What seems dangerous often is not--black snakes, for example, or clear-air turbulence. While things that just lie there, like this beach, are loaded with jeopardy. A yellow dust rising from the ground, the heat that ripens melons overnight--this is earthquake weather.--Amy Hempel, from one of my all time favorite stories, In the Cemetery Where Al Jolson is Buried.
With the powerful earthquakes in Haiti, Chile, Taiwan, and Turkey in the last two months, it feels like earthquake season. Luckily, it's not--the earth's plates are slowly moving along like they normally do: at the speed that human fingernails grow. Marc Acito, The Upside columnist for Walletpop, has this to say:
Good news -- we're not actually getting more earthquakes. According to the U.S. Geological Survey, in the last 100 years, the earth has averaged about 17 major quakes (7.0 - 7.9) and one huge one (8.0 or above) a year.
Yes, that's excellent news, Marc. We're still vulnerable--the East Coast even more so, as Dr. Michael Blanpied of the USGS Earthquake Hazards Program breaks down here in this forum on the Washington Post website:
Our plate boundary runs up the west coast, but there are significant earthquake hazards in at least 39 of our states, affecting at least 75 million Americans. The problem with quakes in the central or eastern US is two-fold: Seismic waves travel farther in the colder, older crust under that part of the country, so the damage can be more widespread. And there are more older buildings that may be vulnerable to being shaken. It is wise to examine earthquake hazards everywhere in the US, and to make prudent decisions about when it makes sense to replace or shore up vulnerable buildings.
Marc points out that your house or building, if not engineered to be earthquake-proof, could become a killer:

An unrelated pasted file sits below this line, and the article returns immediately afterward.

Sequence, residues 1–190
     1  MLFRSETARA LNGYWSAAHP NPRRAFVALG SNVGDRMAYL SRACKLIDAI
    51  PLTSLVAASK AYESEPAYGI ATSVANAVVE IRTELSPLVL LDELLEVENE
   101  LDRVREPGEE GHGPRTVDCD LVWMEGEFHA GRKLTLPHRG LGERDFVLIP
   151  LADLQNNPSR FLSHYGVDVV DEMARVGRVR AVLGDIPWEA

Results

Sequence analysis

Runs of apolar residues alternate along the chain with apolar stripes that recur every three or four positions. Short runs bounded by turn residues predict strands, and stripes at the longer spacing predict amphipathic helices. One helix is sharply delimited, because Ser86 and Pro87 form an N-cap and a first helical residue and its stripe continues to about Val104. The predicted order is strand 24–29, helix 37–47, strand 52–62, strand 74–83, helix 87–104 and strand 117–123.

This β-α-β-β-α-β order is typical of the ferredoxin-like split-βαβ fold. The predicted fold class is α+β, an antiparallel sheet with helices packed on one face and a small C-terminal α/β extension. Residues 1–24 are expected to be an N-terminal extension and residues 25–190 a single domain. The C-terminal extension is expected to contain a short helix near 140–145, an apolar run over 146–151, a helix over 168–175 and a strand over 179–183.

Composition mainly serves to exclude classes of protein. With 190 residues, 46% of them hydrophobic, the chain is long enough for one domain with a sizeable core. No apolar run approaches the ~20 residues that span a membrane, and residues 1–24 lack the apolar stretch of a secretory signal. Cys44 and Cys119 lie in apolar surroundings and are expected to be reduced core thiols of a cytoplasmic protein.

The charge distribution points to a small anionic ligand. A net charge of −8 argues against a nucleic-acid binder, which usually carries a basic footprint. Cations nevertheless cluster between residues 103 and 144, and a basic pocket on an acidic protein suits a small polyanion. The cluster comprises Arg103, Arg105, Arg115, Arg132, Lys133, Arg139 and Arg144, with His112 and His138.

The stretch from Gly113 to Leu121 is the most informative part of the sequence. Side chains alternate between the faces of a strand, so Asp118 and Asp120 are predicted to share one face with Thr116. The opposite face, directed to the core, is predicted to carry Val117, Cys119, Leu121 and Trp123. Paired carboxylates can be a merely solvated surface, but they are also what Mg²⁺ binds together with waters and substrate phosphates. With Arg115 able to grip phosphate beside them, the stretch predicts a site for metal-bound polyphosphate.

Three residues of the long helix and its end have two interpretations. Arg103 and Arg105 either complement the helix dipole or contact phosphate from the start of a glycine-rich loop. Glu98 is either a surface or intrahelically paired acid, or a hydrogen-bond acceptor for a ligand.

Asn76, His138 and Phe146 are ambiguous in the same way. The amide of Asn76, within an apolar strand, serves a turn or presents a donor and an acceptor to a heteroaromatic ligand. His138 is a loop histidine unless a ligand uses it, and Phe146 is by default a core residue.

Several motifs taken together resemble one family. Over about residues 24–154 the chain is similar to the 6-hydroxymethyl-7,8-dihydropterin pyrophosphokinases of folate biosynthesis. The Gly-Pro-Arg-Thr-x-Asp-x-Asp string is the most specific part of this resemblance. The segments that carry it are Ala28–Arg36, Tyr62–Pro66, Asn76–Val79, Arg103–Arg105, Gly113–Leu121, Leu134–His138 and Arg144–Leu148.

So the problem isn't the ground shaking under our feet -- it's the sheet of glass raining down on our heads. As University of Colorado seismologist Roger Bilham said in The New York Times, the growing urban population faces "an unrecognized weapon of mass destruction: houses."
So you're saying earthquake proofing is recession proof, or should be? (Investors, pay attention.)
And unfortunately, scientists can't predict "much" (not the one important thing) when it comes to earthquakes. From the Washington Post online forum, Dr. Blanpied explains:
We can do a good job of predicting where earthquakes will occur, how BIG they might be, and what effects they will likely have. In some cases we can do a good job of estimating the rate at which they occur, averaged over long times (centuries, say). However, thus far the earth has not shown us any means by which to tell that an earthquake is about to occur, or that a fault is ready to snap. Therefore, we are not able to predict the TIME of an impending earthquake in a useful way.
Knowing with 99.7 certainty that a 6.7 or higher quake will hit California in the next 30 years is more of an existential fun fact than a helpful, comforting heads-up. Thanks, science; the clock is ticking on breaking the earthquake prediction barrier.
To learn how to better prepare for the "big one," Marc Acito provides a checklist in his column, and some encouraging words. The USGS has preparation tips here for what to do before, during, and after an earthquake. And the site of the Earthquake Hazards Program will tell you everything you need to know about the potential for "earthquake weather"--where and when it might strike.
Now, back to my favorite--Amy Hempel:
"It's earthquake weather," I told her.
"The best thing to do about earthquakes," she said, "is not to live in California."
And remember, all those donations we made in the wake of the catastrophic earthquake in Haiti count towards the 2009 tax season, if made between Jan. 22 and before March 1. Click here for more details. And don't forget to keep giving - the Red Cross depends on our continued support and so do the people of Haiti.